That’s why, when I first saw Psalm 69 in the lectionary Bible passage schedule for this month, my first thought was, “What a downer! Don’t preach on that passage!” But then I remembered my negative gut reaction to something I read in the Minneapolis Star-Tribune a few years back. Someone wrote to the editor about the latest church controversy and said, “The Bible is God’s Word, but only in those passages that tell us good news.” You know, wherever and whenever it fits with today’s feel-good, hyper-therapeutic triumphalistic ideals of control and command, winning and achieving, but not whenever it confronts us with sin, judgment, weakness, warning, death, grief or guilt.
To avoid offense today, we could just take a pair of scissors to the Bible and cut out half the Psalms, the half that are, or which contain, laments. Oh, and don’t forget the prophets. They can wail and lament with the best of them, like Jeremiah, in chapter 7: “O Lord, you have enticed me, and I was enticed; you have overpowered me, and you have prevailed. I have become a laughingstock all day long; everyone mocks me….For the word of the Lord has become for me a reproach and derision all day long.”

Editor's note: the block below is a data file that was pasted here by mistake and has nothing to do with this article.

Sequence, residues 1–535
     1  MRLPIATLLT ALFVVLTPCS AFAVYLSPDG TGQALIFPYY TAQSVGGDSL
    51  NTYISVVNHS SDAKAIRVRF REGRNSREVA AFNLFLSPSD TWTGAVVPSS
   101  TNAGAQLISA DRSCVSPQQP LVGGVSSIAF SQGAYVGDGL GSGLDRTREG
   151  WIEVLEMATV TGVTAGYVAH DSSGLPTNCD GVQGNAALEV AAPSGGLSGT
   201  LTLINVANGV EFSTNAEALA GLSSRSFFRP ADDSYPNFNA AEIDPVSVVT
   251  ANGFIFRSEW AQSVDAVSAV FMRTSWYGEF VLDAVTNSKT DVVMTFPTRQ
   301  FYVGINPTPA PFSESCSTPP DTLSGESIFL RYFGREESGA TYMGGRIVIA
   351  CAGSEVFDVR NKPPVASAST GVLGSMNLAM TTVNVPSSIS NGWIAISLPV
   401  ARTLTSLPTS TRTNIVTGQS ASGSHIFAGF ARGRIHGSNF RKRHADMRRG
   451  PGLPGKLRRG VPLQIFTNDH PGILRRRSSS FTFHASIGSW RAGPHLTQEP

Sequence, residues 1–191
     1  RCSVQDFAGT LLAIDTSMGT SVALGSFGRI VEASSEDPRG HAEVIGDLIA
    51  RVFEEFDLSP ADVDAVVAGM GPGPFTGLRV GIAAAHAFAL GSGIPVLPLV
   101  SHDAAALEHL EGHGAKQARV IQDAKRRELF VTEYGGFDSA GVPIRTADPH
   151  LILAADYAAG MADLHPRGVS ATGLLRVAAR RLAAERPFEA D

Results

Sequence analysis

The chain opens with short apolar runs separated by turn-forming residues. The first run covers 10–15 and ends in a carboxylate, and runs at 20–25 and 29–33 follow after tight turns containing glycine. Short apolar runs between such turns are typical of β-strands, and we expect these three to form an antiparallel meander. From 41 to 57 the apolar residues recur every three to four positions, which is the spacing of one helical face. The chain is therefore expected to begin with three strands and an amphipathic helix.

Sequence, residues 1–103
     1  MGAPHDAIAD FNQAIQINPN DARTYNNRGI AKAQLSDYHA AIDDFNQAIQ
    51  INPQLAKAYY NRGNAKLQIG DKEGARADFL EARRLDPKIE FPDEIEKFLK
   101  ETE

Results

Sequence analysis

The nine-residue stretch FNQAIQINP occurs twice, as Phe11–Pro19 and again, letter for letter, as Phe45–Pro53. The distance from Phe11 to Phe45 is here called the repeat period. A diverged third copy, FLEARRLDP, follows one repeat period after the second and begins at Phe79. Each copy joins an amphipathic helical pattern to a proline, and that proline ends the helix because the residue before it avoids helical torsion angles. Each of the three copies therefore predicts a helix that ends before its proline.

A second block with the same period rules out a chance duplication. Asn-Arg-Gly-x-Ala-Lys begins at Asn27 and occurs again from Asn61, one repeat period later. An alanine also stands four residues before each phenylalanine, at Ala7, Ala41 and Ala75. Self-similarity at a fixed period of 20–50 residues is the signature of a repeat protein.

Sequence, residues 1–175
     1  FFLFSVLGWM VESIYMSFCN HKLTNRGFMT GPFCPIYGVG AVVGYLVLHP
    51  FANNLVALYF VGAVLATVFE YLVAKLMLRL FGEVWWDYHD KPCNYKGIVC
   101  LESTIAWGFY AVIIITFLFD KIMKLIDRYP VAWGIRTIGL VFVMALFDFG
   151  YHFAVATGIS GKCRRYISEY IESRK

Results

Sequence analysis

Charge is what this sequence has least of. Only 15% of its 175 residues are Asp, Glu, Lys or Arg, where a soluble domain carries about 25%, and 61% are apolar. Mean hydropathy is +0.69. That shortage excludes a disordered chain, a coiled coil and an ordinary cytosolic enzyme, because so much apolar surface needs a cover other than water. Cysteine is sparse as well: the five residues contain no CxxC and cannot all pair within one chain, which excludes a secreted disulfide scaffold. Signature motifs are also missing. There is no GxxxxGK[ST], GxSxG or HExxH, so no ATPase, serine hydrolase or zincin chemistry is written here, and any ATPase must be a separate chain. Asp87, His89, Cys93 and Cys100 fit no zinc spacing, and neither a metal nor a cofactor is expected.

In other words, If I had known that this prophet business would be so hard, I wouldn’t have signed up for it. Where do I go to resign, by the way?
Jesus himself wept and lamented over the city of Jerusalem: “If you, even you, had only recognized on this day the things that make for peace! But now they are hidden from your eyes.” That lament came on the heels of his glorious triumphal entry to Jerusalem. Jesus himself then would not pass muster in an age when “nothing succeeds like success.”
In fact, whenever you read in the Gospels that the disciples had to go looking for Jesus and found him in the wee hours of the night off in the desert somewhere praying by himself, that’s what Jesus, as a Jew’s Jew, would likely have been praying: one of the Psalms. And not just a favorite feel-good Psalm of choice: a devout Jew like Jesus would know and follow a shared schedule of Psalm readings and prayers. And he would likely have recited and prayed them by memory. All of them. Jesus did not recoil from the psalms of lament, because he quoted them so often.
This practice of praying all the psalms carried over into the church. In the 6th Century AD, St. Benedict organized a rhythm of life for monasteries around work and seven times of prayer and Bible reading a day that Benedictine communities still follow. Each of those prayer times includes at least one Psalm, so that you’ll read or pray through all 150 Psalms each month. The whole book of Psalms, even the sad, angry or painful Psalms, has been the prayer book of our spiritual family, from before and after Jesus.